Domestic political discourse is polarised and hardening, while the space for dissent on the Kurdish issue or other contentious ones such as democratic reform is shrinking, as Ankara adopts an increasingly defensive, often heavy-handed line. The effort of the ruling Justice and Development Party (AKP) to lift parliamentary immunity from five HDP deputies, including its co-chairs, for supporting terrorism threatens to dismantle a significant legal outlet for millions of predominately Kurdish voters. It also supports the PKK’s argument that “self-defence” is needed as political options for solving the conflict are narrowed by the rupture of talks with the PKK’s imprisoned leader, Abdullah Öcalan, and arrest of local HDP political representatives.

The densely-populated south-eastern cities and towns are set to remain on the front line, despite the drawdown of the last weeks. With winter’s end and emboldened by the role of its Kurdish affiliates in Syria, the PKK is readying for more pushback against the government, while the prospect of further attacks in the west of Turkey by radical Kurdish groups has risen significantly. Newroz – a festival traditionally celebrated by Kurds in Turkey around the March equinox – risks inflaming further unrest.

Ankara has promised to rebuild shattered towns and districts, but also to beef up the security forces with larger police stations and more checkpoints in the most restive communities. This is unlikely to remain unchallenged by the PKK and its sympathisers. Meanwhile, its plan to sideline the HDP will limit the potential of the government’s initiatives to be embraced by the HDP’s significant constituency in the region. And Ankara’s room for manoeuvre is limited until Kurdish movement representatives condemn violence and refrain from treating armed resistance as a legitimate form of dissent against the state.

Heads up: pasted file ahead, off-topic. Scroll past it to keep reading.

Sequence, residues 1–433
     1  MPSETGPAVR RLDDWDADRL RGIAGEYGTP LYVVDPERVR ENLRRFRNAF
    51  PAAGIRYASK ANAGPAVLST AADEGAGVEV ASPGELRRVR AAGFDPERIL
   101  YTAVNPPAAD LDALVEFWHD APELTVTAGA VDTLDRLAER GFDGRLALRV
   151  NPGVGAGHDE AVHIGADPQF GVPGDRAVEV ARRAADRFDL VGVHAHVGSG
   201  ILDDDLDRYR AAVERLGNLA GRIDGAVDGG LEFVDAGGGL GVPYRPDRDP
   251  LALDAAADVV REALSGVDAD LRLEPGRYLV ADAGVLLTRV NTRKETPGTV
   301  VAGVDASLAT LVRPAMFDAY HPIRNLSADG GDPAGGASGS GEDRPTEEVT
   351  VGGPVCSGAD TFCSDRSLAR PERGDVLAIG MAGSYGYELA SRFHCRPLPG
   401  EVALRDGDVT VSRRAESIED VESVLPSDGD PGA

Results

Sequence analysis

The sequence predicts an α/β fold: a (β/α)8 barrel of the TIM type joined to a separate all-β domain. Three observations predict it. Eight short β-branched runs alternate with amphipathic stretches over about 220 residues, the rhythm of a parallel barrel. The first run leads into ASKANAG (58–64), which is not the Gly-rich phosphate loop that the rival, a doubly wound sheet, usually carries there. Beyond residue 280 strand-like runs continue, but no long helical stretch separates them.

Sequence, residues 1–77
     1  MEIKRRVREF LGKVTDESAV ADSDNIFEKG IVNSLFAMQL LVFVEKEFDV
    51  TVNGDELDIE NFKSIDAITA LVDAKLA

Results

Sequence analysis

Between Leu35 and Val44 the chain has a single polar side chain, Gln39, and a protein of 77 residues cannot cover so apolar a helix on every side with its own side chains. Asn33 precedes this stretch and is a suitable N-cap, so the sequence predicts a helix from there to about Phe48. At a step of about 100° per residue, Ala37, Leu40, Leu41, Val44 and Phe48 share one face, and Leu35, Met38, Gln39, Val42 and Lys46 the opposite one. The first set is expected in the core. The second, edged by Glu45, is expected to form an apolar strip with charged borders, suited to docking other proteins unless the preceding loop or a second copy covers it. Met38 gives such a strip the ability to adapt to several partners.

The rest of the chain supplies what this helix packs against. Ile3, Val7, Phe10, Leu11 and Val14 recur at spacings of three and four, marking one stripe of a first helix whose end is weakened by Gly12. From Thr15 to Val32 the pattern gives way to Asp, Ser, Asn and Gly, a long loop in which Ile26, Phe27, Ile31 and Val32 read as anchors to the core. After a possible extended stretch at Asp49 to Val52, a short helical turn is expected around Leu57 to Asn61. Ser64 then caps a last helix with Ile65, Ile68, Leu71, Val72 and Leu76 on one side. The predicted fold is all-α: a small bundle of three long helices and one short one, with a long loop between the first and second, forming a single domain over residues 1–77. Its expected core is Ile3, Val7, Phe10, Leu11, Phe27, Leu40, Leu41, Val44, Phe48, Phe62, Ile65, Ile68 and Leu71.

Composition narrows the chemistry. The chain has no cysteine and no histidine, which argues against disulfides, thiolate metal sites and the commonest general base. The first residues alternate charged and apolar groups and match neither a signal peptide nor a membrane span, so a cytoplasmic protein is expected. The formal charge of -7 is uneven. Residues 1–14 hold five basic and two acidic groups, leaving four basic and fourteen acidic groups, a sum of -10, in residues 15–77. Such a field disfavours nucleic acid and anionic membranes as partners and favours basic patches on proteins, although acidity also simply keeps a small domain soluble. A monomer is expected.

The only way toward a durable solution is peace talks with the PKK accompanied, on a separate track, by ensuring further democratic rights for Turkey’s Kurdish population, including full mother tongue education, further decentralisation, a lower electoral threshold for parties to enter parliament and an ethnically neutral constitution. But the immediate priority is to manage the situation to prevent more casualties and displacement. In the short term, Ankara should create a solid legal basis for further curfews, focusing on practices that limit civilian casualties and human rights abuses, and holding security forces accountable for breaches. It must ensure that human rights violations are addressed by due process, reconstruction does not disenfranchise property owners and tenants displaced by fighting, and those who wish to can return to their homes.

Both Ankara and the PKK say the psychological fault lines of the conflict and the loyalties of the predominantly Kurdish citizens in the south east have shifted decisively in their favour. The state argues that the PKK’s shift to urban warfare has enraged once sympathetic residents. The PKK argues that the use of heavy weapons in towns and cities provokes a region-wide backlash against Ankara. Crisis Group research in Diyarbakır, the largest city in Turkey’s majority Kurdish heartland, shows, however, that neither side has markedly shifted civilian sentiments over the three-decade-old conflict. This briefing presents a snapshot of that research. Reflecting perspectives of officials, NGOs, municipality representatives, lawyers and displaced individuals, most of whom were not willing to be identified, it aims to draw attention to the increasing human costs of the confrontation by analysing recent conflict dynamics in the Sur district.